Another issue is capital allocation. Both REITs trade at a huge discount to book value. There are plenty of shares available in the open market. Rather than buy them and slowly take both REITs private, Morguard continues to buy buildings from third parties. This tells me even Morguard doesn’t believe the published NAV values of its two subsidiaries. If they did, it would be an absolute no-brainer to buy shares in either subsidiary.
Yes, such a strategy would mean Morguard would lose property management fees. But the gain would be massive. Morguard REIT has a NAV of $1.05B. It has a market cap of $350M. Meanwhile, the REIT reported paying property management fees of a little over $8M to the parent. Once we factor in the 61.6% ownership interest Morguard already has, every share purchased would be the equivalent of paying $134M for $403M in assets. What would you rather have — $8M per year forever or $269M right now?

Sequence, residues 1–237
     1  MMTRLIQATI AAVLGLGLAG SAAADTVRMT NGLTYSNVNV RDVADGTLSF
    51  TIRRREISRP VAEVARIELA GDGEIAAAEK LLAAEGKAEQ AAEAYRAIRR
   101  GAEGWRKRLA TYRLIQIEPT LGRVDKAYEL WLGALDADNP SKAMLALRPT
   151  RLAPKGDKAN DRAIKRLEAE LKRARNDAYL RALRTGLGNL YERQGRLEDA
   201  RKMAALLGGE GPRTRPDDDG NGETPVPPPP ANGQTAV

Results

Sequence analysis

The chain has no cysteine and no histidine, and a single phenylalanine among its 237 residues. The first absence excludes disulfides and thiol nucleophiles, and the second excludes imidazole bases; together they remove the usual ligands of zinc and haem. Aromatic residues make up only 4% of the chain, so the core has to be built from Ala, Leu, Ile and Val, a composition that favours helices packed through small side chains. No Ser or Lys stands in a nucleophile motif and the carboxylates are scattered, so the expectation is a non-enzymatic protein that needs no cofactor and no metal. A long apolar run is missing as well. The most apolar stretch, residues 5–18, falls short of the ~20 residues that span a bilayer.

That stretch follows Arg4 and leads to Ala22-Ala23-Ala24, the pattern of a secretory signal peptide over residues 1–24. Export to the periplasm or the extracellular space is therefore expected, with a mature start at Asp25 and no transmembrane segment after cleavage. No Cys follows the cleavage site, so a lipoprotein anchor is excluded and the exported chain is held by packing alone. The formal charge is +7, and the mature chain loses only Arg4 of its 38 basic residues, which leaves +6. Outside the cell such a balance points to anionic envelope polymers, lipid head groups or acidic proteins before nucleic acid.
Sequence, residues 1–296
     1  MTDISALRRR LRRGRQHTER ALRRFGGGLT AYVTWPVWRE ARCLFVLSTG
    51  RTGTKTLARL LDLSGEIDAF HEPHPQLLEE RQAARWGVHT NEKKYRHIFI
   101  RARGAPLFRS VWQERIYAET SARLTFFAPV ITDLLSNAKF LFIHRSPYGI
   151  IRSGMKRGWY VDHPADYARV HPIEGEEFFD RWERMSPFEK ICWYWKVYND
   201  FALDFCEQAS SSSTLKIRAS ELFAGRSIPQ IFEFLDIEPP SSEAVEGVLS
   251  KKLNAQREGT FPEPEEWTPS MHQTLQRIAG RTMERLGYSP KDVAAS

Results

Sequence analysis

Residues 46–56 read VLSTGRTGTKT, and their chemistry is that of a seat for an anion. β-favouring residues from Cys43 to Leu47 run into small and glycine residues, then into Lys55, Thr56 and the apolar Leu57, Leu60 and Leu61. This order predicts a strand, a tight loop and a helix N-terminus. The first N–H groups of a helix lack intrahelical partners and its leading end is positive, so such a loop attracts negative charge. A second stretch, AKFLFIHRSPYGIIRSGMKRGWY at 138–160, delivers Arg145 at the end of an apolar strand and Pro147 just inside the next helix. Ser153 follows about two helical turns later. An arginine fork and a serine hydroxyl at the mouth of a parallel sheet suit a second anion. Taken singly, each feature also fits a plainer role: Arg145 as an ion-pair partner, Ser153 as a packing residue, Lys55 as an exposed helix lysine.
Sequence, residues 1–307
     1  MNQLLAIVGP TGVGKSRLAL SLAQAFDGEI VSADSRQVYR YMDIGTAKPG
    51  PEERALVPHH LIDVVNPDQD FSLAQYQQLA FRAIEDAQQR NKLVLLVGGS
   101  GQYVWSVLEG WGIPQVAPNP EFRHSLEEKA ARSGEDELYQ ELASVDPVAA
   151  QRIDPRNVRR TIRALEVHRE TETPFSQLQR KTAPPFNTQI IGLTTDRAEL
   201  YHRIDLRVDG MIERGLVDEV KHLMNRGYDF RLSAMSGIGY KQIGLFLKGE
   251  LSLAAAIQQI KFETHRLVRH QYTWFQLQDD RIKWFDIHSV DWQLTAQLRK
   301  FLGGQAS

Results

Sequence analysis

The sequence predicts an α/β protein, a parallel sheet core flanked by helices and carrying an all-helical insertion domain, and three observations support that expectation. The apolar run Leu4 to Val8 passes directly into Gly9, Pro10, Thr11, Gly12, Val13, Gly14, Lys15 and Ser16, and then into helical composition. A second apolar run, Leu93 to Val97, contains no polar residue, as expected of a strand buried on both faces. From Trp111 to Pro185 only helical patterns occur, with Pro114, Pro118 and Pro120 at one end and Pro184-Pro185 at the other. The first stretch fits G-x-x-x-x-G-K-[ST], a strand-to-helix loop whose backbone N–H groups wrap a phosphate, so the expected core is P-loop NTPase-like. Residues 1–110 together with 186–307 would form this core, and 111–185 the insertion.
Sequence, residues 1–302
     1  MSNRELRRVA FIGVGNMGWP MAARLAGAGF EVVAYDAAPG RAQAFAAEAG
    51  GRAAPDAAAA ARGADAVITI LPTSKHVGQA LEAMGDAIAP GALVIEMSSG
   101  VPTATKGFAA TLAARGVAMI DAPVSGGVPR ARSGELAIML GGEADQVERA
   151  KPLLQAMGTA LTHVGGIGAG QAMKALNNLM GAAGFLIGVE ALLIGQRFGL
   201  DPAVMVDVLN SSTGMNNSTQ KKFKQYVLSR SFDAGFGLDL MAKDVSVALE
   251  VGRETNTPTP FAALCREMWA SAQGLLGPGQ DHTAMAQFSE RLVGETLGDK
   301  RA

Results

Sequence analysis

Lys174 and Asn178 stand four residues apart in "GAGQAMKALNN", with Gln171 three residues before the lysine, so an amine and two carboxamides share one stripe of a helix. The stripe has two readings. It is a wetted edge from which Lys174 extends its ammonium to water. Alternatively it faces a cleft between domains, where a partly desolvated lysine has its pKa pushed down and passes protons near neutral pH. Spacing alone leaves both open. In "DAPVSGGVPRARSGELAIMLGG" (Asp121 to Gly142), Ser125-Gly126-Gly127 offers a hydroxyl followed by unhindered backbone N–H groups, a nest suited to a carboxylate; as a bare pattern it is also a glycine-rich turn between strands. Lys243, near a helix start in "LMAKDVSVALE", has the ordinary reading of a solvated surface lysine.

If Morguard believed its NAV calculations, taking the REIT private would be an absolute no-brainer today. K. Rai Sahi is no idiot; he got rich buying undervalued assets. Therefore, I have no choice but to assume the calculated NAV for each is bunk.
Two more reasons why I don’t like the Corporation, and I’ll move onto each REIT. Firstly, the parent pays a grand total of $0.60 per year in dividends, good enough for a 0.54% yield. It’s a token dividend designed to get the company included in dividend mutual funds and ETFs. I’d be fine with this, assuming I can trust Sahi’s capital allocation skills. I’m not sure I can do that.
Remember, Sahi was one of Canada’s original capital raiders. He was the one who pushed for change at Federated Industries after seeing what a cluster that business was. Even Prem Watsa warned him not to do it. Why isn’t he keen to do the same thing at his own company?